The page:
RE: “Man lynched over alleged banana theft in Kayonza” (The New Times, October 14).
In a country that has banned the death penalty (rightly in my considered view, even if I sometimes feel some regret), including for genocide—the most heinous of crimes, how can we condone the murder of a fellow human being for mere theft of a bunch of bananas from someone’s field?
I know a bunch of bananas or a basket of potatoes or cassava can represent much more for a peasant family than ten times the monetary value for a bourgeois family in Kigali. But no matter its value, it can never equal that of a fellow human being, including the lowliest of thieves.
Those responsible for snuffing out the victim’s life should therefore, receive exemplary punishments after due process. After 1994, Rwandans should never again allow anyone to think they can willy-nilly take someone else’s life just like that and get away with it—which is not to let off our criminal justice system, including the police, prosecution or the courts lightly, at all.
Members of the public often take the law into their own hands because the system has allowed the public to believe, from experience or from hearing from others, that the law cares little for their losses from the kinds of behaviour the victim is suspected to have been involved in when the vigilantes/his killers encountered him.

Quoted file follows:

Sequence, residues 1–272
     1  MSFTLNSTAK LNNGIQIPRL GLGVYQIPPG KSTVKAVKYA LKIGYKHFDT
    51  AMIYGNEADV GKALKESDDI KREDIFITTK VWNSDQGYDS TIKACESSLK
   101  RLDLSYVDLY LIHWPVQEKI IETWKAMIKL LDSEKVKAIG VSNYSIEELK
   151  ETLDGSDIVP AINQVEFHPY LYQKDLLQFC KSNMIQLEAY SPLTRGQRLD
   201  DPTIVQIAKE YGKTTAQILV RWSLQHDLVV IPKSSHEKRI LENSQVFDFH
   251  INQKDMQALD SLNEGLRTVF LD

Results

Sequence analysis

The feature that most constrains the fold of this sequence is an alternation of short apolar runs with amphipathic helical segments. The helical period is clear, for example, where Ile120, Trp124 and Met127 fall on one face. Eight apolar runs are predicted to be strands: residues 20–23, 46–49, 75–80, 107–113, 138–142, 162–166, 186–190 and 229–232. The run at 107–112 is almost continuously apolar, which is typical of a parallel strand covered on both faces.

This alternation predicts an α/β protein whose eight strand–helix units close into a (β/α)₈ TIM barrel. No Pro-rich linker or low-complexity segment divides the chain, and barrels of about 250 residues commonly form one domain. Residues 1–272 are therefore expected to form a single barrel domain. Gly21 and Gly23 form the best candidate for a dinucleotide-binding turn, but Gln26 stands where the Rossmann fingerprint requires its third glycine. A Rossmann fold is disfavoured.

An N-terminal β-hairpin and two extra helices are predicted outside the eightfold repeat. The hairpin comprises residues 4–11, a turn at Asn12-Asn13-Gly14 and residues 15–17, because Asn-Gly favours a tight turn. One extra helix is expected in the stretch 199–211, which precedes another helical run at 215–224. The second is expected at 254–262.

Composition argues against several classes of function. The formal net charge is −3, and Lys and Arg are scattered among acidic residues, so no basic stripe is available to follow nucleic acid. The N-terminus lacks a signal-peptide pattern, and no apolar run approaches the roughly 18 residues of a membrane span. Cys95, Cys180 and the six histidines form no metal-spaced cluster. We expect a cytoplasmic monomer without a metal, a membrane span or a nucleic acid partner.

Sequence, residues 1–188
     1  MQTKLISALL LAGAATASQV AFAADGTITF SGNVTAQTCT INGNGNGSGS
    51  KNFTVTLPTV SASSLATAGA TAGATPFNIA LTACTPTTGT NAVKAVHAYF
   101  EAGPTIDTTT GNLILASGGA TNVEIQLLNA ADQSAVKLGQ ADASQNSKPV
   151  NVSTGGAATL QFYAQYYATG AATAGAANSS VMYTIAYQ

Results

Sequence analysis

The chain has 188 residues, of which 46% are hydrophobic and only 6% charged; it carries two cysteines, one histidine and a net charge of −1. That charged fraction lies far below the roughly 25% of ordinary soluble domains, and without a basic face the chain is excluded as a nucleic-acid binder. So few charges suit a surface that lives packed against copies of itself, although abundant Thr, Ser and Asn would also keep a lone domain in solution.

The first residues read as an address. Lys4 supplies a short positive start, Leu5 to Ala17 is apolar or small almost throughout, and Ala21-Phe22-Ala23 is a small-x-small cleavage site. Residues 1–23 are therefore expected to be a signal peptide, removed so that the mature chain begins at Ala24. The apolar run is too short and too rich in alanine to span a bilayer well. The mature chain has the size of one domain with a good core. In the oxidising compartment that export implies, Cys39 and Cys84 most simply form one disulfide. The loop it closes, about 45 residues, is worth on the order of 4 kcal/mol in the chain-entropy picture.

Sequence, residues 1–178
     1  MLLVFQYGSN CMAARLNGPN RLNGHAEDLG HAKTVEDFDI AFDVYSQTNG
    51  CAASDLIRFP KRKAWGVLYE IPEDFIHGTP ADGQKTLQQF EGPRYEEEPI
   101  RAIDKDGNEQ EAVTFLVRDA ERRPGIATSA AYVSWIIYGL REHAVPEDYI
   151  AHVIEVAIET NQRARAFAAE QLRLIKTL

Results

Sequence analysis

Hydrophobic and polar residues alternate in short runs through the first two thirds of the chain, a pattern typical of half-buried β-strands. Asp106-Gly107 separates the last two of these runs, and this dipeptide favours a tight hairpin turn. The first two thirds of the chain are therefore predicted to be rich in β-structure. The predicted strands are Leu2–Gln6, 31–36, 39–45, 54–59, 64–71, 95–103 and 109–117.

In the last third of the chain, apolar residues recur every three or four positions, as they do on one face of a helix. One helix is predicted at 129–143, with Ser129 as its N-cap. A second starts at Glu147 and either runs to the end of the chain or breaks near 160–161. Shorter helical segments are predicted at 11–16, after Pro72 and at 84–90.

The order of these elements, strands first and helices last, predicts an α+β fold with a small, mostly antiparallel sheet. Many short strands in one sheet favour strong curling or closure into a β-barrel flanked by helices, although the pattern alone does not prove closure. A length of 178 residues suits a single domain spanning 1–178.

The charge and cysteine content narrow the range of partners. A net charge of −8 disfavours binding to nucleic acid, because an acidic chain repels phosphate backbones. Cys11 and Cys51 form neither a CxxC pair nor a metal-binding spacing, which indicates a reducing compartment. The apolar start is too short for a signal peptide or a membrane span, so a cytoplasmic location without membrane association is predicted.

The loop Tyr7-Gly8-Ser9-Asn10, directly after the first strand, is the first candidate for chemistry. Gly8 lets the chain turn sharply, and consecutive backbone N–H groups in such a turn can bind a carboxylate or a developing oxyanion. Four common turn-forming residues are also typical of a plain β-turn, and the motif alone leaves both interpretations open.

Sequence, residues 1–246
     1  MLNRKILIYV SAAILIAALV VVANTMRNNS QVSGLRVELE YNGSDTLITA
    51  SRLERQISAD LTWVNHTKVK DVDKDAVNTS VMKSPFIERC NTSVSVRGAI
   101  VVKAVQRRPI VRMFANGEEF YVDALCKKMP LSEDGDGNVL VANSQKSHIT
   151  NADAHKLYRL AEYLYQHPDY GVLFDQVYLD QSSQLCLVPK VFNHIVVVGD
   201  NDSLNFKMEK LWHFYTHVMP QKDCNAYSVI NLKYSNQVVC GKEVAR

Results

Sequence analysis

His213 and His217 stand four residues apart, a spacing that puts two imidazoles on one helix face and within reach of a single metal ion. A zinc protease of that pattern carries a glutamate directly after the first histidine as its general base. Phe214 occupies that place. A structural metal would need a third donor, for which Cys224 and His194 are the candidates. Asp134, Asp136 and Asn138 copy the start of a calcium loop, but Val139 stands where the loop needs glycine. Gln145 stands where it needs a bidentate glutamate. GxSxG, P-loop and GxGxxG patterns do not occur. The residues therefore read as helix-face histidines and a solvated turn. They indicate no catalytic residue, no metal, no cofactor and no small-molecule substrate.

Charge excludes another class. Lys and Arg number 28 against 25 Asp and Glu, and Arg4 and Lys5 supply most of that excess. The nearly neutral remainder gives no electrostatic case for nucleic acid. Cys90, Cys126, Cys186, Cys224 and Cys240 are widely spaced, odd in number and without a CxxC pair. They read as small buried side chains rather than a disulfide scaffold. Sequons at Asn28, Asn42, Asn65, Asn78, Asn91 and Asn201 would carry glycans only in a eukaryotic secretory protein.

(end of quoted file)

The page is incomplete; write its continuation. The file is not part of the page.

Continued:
The best way to discourage this kind of mob “justice”/vigilantism is to improve the effectiveness of our criminal justice system (crime detection, investigations, prosecution, sentencing and even compensation of the injured parties) to convince people that there are remedies to their injury that are much better than taking the law into their own hands which, moreover, is likely to result in they themselves facing sure punishment for breaking the law by arrogating to themselves the prerogatives of police, prosecution, judge and executioner.
It is absolutely right that those who murdered the victim be appropriately punished. But those who have failed to protect citizens’ property or who fail to deliver justice thus contributing to citizens’ conviction that they can expect little help from the justice system for their injuries also need to do some serious soul-searching as the first step to do much better. Otherwise we shall continue to see these kinds of tragedies.